- Housing stability leads to cost savings. People experiencing homelessness who face challenges in accessing healthcare services are more likely to use the emergency room as a primary source of medical care. When housed, individuals are in a better position to receive timely medical attention and preventive care thus reducing demand on more costly emergency departments and hospitals.
As policymakers at all levels of government discuss policies to address homelessness, the evidence of Housing First’s successes should not be ignored. Health systems, community organizations, and policymakers should continue to advance Housing First initiatives that combine voluntary services, including health care and social services, with access to housing.
Our experiences at Kaiser Permanente and National Alliance to End Homelessness have shown us the stability, improved health and well-being, and cost savings of these Housing First approaches and their ability to improve the lives of individuals experiencing homelessness.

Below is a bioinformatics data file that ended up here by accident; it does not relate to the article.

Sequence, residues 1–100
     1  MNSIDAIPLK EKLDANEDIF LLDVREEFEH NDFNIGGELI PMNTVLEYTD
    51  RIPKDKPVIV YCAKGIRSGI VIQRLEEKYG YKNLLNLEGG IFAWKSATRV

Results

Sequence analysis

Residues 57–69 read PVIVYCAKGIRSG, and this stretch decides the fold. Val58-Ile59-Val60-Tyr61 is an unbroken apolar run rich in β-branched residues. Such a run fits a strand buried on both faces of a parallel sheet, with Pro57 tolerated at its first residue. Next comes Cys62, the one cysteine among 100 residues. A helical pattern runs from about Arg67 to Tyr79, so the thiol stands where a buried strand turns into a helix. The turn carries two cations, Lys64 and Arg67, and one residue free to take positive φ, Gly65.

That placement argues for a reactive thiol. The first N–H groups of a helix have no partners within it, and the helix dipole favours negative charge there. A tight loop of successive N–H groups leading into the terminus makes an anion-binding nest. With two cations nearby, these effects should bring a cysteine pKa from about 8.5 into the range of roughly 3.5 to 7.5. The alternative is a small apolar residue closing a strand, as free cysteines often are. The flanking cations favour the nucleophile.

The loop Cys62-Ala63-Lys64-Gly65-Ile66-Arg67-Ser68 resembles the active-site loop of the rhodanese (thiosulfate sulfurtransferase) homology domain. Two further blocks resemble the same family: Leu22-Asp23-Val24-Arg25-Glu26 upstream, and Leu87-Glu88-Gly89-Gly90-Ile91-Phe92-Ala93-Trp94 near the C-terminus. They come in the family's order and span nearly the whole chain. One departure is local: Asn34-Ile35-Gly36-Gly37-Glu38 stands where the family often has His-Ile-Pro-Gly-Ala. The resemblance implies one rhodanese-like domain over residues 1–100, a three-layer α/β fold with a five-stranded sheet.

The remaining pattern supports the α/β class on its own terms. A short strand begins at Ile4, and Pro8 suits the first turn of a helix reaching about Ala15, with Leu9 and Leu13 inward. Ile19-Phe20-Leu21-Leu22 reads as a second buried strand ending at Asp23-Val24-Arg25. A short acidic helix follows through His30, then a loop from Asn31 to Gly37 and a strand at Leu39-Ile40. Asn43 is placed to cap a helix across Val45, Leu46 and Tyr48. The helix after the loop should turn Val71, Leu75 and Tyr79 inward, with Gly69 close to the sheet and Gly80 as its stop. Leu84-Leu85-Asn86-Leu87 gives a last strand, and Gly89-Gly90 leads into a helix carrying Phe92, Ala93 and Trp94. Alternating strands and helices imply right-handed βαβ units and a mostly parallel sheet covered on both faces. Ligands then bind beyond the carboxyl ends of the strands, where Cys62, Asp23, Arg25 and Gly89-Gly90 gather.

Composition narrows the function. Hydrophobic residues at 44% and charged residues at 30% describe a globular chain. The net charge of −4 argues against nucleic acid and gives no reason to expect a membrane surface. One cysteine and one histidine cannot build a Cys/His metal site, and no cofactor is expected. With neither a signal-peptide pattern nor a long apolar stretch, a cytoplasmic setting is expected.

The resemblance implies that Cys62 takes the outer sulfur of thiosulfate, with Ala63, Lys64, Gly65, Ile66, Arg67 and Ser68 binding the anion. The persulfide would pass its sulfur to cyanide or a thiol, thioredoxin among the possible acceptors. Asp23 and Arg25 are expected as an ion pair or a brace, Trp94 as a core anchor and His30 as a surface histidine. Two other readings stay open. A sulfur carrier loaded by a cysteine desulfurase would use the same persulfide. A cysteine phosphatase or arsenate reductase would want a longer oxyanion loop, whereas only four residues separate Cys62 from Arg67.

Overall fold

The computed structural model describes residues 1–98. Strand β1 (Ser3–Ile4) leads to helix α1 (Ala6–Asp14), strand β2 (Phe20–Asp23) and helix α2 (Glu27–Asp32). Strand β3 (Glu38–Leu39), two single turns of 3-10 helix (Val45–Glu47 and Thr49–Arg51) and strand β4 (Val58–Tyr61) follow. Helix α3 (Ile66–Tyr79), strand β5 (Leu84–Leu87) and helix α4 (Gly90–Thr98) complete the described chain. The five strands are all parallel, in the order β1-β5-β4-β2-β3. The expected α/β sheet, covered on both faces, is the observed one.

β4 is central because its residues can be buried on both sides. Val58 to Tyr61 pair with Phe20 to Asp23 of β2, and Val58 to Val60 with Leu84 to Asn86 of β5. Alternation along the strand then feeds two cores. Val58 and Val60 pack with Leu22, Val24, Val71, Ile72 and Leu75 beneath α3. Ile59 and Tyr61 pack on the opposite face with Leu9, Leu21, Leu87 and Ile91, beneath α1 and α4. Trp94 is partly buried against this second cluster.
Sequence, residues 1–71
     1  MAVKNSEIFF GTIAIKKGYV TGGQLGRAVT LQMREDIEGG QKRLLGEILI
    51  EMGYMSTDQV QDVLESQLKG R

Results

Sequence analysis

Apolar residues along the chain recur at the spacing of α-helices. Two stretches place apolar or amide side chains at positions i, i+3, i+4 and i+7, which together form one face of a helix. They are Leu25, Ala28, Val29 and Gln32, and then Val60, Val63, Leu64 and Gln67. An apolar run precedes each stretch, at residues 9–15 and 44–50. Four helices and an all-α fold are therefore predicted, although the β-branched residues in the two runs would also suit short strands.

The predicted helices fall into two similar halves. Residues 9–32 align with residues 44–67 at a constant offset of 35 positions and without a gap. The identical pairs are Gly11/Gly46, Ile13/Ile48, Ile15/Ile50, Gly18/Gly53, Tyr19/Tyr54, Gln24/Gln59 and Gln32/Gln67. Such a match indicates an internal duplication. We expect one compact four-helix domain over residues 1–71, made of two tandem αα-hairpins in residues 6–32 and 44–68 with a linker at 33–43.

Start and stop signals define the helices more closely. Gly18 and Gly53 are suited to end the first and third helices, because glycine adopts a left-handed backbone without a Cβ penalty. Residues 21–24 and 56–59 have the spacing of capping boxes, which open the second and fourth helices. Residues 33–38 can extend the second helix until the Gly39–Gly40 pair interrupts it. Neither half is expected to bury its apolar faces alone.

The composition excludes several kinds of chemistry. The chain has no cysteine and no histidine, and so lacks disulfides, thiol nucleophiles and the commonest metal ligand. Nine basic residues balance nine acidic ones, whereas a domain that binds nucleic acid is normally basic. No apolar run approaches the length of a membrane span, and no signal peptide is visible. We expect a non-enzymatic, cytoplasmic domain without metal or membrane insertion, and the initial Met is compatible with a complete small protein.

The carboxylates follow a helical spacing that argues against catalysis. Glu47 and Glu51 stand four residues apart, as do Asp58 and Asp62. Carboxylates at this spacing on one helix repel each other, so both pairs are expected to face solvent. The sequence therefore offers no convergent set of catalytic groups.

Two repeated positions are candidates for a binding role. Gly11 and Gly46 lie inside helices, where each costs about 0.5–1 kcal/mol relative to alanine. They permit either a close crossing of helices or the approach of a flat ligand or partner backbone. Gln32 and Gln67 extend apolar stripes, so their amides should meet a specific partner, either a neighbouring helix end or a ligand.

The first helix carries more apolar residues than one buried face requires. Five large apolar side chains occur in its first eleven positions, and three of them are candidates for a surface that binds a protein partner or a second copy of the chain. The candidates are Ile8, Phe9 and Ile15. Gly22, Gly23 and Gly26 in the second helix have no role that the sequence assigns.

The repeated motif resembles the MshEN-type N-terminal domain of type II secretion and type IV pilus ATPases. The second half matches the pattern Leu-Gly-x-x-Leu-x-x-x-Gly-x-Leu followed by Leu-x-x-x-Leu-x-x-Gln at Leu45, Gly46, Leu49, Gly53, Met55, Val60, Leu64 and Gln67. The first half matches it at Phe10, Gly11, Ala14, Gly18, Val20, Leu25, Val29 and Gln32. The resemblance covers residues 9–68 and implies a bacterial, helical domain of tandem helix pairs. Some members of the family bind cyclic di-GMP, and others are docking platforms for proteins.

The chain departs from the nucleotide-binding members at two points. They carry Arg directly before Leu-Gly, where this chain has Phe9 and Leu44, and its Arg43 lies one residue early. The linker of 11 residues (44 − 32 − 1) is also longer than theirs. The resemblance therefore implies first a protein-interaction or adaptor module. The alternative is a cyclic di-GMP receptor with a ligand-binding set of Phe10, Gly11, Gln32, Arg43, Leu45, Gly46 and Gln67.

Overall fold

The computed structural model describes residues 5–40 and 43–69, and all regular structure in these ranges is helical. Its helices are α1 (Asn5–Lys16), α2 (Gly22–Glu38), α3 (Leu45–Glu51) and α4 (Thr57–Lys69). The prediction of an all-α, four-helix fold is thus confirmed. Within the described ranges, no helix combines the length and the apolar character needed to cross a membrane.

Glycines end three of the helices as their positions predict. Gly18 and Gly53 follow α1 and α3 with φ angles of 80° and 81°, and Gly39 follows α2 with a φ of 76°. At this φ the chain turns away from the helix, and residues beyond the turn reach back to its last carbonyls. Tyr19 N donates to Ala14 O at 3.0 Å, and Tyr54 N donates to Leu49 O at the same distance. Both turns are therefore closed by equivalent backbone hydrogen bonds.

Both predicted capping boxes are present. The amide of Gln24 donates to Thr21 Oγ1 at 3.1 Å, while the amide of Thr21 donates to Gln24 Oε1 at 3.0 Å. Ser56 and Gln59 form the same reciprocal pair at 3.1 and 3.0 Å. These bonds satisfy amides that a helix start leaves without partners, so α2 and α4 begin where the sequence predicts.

Sam Tsemberis, a clinical psychologist and then founder and CEO of a homeless services agency, developed Housing First in the 1990s to focus on housing as foundational to stability and not a reward for adherence to treatments. The Housing First approach is based on several principles:
Housing with no preconditions. People shouldn’t be subject to preconditions to get housing and services, that is, people in need of housing and services shouldn’t be discriminated against on the basis of religion, income, criminal status, employment status, drug status, or sobriety.
Housing and services; not housing only. People should be connected to supportive services, ranging from help with housing stability to clinical interventions, such as mental health care and treatment for substance use disorder.
People are presumed ready for housing. People don’t need to prove themselves, shouldn’t languish in shelters, or spend a certain amount of time in transitional housing. Getting people into housing faster is better for them and cheaper for taxpayers.
Individualized and person-driven services. People who have lived experience—who have been homeless themselves—should be heard because they usually have good ideas for helping to end homelessness. People experiencing homelessness, like all people, deserve to make choices about their own lives.